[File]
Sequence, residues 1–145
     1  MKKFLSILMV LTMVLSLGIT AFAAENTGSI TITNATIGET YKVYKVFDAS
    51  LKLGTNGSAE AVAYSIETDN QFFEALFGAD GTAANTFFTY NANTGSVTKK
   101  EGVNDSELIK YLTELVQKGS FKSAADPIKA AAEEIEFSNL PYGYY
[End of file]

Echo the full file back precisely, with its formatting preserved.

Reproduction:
Sequence, residues 1–145
     1  MKKFLSILMV LTMVLSLGIT AFAAENTGSI TITNATIGET YKVYKVFDAS
    51  LKLGTNGSAE AVAYSIETDN QFFEALFGAD GTAANTFFTY NANTGSVTKK
   101  EGVNDSELIK YLTELVQKGS FKSAADPIKA AAEEIEFSNL PYGYY